HART Semineri: “Phrygians at the Black Sea? Exploring Ritual Landscapes in Northern Anatolia”, Julia Koch, 17:30 27 Mart 2024 (EN)

An evening lecture will be given by Dr. Julia Koch (Institute of Classical Studies, University of Giessen)

“Phrygians at the Black Sea? Exploring Ritual Landscapes in Northern Anatolia”
On Wednesday 27th March 2024 at 17:30 in H-232 (Faculty of Humanities and Letters)

GE points will be given.

The Kingdom of Phrygia is traditionally located in the western Anatolian Plateau centering on the capital at Gordion on the Upper Sangarios River. Recent scholarship, however, has reconstructed the territorial expansion of the Phrygian Kingdom on a large scale both to the east and to the northeast of Gordion for political control over the region of the Halys River bend during the later 8th/7th century B.C. The Devrez Valley north of Çankırı at the foot of the Ilgaz Mountains is seen to have marked the northern limits of the Phrygian state. In this lecture we cross the Ilgaz Mountains towards the southern Black Sea to survey the religious landscape inventories of Iron Age northern Anatolia influenced by Phrygian culture: rock-cut facades and idols, stepped altars carved from the living rock, cult statues and niches, and so-called house shrines sculptured in miniature. At the sanctuary of Phrygian Zeus at Tios two sherds incised with Paleo-Phrygian graffiti were found next to East Greek and Attic pottery near an Archaic temple, while in Tios’ hinterland Phrygian grave goods were deposited in a tumulus. Votive offerings of Attic drinking vessels dedicated to Kybebos and terracotta figurines of the goddess ritually deposited in a sacrificial pit at the Greek seaport of Amisos shed further light on the significance of sanctuaries as stage for the maintenance of local cult tradition and intercultural exchange. By presenting new and less recent finds of sacr(aliz)ed places this talk offers fresh insights into Iron Age northern Anatolia abundant with astonishing ritual landscapes and it is hoped to encourage further discussion on colonial encounters of diverse migrant communities – both Greek and Phrygian – settling along the southern Black Sea coast.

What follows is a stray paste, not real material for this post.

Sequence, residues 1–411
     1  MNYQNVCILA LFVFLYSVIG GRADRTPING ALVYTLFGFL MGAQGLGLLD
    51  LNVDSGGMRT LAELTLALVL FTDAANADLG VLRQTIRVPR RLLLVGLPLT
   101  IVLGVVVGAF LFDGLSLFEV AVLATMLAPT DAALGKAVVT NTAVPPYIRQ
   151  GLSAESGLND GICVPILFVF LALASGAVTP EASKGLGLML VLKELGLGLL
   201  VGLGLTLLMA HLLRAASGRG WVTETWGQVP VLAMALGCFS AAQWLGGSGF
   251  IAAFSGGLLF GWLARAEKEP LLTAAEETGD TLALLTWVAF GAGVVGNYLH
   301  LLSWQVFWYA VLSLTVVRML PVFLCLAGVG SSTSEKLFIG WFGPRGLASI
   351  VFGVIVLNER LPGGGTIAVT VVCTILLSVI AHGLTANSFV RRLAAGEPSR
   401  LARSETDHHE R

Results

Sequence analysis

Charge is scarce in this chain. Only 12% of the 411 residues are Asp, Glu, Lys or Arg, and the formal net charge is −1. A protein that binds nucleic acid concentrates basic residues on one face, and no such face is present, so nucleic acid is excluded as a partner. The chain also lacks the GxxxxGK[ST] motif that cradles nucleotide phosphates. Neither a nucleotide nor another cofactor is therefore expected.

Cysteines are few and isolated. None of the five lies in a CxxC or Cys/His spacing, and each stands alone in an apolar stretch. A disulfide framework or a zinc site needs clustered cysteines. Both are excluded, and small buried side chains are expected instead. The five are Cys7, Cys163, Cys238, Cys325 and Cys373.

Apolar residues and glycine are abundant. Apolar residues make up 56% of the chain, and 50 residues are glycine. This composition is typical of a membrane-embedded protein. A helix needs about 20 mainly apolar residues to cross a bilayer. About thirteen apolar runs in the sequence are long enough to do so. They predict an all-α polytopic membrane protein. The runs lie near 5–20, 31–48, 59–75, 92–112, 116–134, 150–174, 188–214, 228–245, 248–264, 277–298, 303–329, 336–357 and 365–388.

Julia M. Koch studied Classical and Proto- and Prehistoric Archaeology at the Universities of Heidelberg, Munich, and Athens before she became lecturer at the Universities of Bamberg and Giessen. She acted as director of the Pompeiopolis field school in Türkiye (2014-2016) and conducted field schools at the UNESCO World Heritage Sites of the Raetian and the Upper German Limes as well as surveyed archaeological sites in the Caucasus Mountains, Azerbaijan, Tajikistan, Peru, and Türkiye through geophysical prospection.
In 2018 she was awarded the dissertation prize of the Faculty for the Study of Culture at LMU Munich for her Ph.D. Dissertation on Funerary Monuments from the City of Pompeiopolis in Paphlagonia – Tradition and Local Identity in Sepulchral Art of Roman Northern Anatolia. In 2022/23 she was a visiting research fellow at the University of Edinburgh and King’s College in London and, most recently, a guest lecturer at Boğaziçi University in Istanbul. Currently, she is a member of the Tios Excavation on the Black Sea coast and the 7th Research Network on Socio-Ecological Approaches to the History and Archaeology of Anatolia organized by the Istanbul Department of the German Archaeological Institute, Koç University’s Research Center for Anatolian Civilizations, and Princeton University’s Climate Change and History Research Initiative.